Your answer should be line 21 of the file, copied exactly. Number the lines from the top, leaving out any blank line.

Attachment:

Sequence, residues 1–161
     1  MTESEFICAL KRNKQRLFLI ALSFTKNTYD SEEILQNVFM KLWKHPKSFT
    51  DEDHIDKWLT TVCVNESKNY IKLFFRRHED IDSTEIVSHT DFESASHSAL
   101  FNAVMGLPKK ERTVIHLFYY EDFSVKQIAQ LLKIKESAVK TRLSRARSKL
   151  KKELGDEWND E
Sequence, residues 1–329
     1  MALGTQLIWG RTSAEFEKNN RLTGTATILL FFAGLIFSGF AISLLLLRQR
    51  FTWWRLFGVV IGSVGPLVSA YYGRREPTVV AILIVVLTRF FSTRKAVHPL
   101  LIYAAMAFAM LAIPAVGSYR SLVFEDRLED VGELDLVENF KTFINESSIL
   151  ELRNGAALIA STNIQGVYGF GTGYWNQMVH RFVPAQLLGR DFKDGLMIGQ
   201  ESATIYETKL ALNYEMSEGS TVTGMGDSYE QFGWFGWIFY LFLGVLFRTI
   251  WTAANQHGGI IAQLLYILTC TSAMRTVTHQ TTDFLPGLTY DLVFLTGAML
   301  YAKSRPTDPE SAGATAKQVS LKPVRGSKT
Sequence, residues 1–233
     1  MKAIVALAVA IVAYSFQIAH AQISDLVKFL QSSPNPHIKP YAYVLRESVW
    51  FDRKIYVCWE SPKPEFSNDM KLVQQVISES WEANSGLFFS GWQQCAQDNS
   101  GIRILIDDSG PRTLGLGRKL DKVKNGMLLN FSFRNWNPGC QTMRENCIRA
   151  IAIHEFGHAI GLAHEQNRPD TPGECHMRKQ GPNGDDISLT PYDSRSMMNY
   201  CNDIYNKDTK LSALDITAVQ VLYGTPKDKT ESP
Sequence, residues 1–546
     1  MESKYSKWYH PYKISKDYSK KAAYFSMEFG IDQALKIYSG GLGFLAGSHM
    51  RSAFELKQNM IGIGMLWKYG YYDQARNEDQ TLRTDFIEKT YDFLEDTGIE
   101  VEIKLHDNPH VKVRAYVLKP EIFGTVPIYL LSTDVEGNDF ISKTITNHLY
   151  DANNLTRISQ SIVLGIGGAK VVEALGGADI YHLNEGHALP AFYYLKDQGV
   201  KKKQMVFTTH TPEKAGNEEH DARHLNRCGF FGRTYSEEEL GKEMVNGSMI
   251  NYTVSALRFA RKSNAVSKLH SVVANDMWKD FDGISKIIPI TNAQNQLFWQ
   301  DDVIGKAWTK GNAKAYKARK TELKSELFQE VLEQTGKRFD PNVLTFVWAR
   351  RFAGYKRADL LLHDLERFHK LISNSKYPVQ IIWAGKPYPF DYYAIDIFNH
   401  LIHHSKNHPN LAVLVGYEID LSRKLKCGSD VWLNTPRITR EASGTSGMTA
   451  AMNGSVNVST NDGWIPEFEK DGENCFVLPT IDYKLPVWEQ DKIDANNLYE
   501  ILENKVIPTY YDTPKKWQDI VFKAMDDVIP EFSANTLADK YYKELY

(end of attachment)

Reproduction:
     1  MESKYSKWYH PYKISKDYSK KAAYFSMEFG IDQALKIYSG GLGFLAGSHM